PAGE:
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Lecture 3

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Ingrid L.Stefanovic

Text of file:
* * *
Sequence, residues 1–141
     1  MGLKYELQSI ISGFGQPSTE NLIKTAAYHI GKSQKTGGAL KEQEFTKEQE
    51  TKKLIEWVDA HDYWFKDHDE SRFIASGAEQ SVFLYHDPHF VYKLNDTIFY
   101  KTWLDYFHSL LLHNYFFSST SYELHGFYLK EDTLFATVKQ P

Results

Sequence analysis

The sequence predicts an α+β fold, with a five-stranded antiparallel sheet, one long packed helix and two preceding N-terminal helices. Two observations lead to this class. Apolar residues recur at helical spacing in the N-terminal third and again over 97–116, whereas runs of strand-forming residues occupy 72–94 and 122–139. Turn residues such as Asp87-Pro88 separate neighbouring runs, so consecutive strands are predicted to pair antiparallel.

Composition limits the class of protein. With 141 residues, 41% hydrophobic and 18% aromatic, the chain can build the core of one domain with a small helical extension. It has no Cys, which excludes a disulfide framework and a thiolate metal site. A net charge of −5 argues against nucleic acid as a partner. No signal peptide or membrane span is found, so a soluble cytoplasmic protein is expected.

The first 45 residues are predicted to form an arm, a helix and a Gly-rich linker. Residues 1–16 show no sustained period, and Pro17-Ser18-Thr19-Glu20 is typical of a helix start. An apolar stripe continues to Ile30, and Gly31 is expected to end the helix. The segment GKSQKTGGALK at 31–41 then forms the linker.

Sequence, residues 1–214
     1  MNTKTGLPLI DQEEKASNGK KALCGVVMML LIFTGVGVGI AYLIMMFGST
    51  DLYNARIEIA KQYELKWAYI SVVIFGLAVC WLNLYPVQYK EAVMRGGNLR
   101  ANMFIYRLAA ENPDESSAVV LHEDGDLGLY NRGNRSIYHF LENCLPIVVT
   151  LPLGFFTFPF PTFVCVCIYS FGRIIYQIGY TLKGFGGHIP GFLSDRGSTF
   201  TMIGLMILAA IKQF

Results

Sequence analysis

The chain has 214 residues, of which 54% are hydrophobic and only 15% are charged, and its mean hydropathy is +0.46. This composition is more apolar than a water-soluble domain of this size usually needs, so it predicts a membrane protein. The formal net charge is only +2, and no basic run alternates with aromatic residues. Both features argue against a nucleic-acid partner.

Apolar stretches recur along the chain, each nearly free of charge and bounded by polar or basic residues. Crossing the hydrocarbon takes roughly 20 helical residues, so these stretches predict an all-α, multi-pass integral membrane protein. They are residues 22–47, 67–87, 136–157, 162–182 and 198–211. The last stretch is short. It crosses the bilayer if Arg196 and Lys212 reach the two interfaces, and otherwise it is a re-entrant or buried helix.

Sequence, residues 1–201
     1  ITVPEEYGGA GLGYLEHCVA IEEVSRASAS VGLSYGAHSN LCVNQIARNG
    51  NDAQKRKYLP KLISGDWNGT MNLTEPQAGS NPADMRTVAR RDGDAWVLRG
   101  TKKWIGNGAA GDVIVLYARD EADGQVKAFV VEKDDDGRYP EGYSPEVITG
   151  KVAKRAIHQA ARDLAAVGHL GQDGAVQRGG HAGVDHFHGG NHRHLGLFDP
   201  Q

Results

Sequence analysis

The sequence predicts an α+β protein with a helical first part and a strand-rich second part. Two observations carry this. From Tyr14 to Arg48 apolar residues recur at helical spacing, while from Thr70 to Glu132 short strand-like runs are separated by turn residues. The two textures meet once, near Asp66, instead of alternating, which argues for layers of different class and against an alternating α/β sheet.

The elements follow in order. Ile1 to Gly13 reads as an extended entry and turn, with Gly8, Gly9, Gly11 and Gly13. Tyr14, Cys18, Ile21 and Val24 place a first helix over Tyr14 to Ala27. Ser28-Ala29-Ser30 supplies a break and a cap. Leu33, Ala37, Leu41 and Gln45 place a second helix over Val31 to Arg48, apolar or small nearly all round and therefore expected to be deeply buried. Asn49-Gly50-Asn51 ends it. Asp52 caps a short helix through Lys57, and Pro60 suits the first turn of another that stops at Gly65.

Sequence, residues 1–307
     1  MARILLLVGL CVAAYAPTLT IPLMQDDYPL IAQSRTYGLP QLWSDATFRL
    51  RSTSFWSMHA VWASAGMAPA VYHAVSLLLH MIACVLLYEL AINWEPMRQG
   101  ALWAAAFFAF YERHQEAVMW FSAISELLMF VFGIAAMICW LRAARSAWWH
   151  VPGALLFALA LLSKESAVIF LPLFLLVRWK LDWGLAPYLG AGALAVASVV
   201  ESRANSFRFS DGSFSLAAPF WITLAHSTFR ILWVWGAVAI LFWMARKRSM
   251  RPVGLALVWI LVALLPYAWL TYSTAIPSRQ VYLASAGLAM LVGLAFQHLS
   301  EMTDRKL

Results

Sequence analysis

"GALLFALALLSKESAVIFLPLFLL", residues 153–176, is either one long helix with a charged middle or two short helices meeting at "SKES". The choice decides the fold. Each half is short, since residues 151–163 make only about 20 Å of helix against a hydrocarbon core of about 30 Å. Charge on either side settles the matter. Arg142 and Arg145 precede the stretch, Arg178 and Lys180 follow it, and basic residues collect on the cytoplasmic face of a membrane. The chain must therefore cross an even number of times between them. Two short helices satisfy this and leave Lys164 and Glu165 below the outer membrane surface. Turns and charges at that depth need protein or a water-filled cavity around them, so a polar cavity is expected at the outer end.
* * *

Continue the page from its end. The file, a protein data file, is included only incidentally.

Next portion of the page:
ANTC68 Lecture 3: Epidemics in Human History Important Challenge Introducing behavioural and household changes in contexts that lack the infrastructural, structural and political support to sustain them Besides providing cultural context and community-based data, anthropologists should be committed to: Minimize suffering Facilitate access to biomedical resources and sustainable interventions (health and social justice) o Providing clearer understanding of cultural and social dimensions of illness and disease so that structural barriers to change are highlighted will result in more effective health interventions Infectious Disease and Human Adaptation Human adaptations (behavioural, physiochemical, genetic) are dynamic processes that are constantly changing in response to external and internal stimuli Human-microorganism interactions and the human adaptations they stimulate are fundamentally biocultural they embody both biological and cultural processes Behavioural adaptations are rooted in the individual and group sociocultural context and are learned during ones lifetime Physiochemical adaptations are primarily stimulated as a result of direct contact with specific microorganisms during ones lifetime (centered on immune system) Physiochemical adaptations may also have a genetic basis that influences susceptibility or resistance to infection Successful human adaptation involves synergistic effects of altered behaviours, modified physiochemistry and genetic polymorphism Human-Virus Interactions Human strategies of antiviral immunity: o Cell-mediated immunity against virus-infected cells (mediated by cytotoxic T-cells and NK [natural killer] cells, both capable of cell destruction) o Antiviral antibodies, which destroy viral envelope proteins (doesnt kill all of virus, but can inhibit disease expression) Non-immunological adaptations to viruses: lysozymes, intestinal enzymes and bile Human-Bacteria Interactions Non-immunological protective factors that can impede bacterial invasion and proliferation o Lysozymes, which kill bacteria by attacking the bacterial cell wall o Free fatty acids, which inhibit bacterial growth o Immune responses to bacterial infection: phagocytosis (ingestion of bacteria) by neutrophils and macrophages, lysis, neutralization of bacterial toxins by human antibodies, and destruction of bacteria with activated macrophages Human-Protozoa Interactions Can undermine, evade and elude human immune response (causes immunosuppression), resulting in host carrying more protozoa than would be normally permitted with adequate immune response Complex and diverse array of genetically mediated physiochemical variants (to regulate human susceptibility and resistance to protozoa): o Human polymorphism in red blood cell proteins o Cytokines (proteins that mediate cellular interactions and regulate cell growth and secretion) o immune system Human-Helminth Interactions
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